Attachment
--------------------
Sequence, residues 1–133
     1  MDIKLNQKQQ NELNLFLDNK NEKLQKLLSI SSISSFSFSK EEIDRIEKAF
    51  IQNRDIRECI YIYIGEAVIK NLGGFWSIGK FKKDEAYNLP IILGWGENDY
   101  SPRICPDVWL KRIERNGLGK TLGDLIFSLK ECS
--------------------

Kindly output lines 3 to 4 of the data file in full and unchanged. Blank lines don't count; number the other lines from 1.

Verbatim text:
    51  IQNRDIRECI YIYIGEAVIK NLGGFWSIGK FKKDEAYNLP IILGWGENDY
   101  SPRICPDVWL KRIERNGLGK TLGDLIFSLK ECS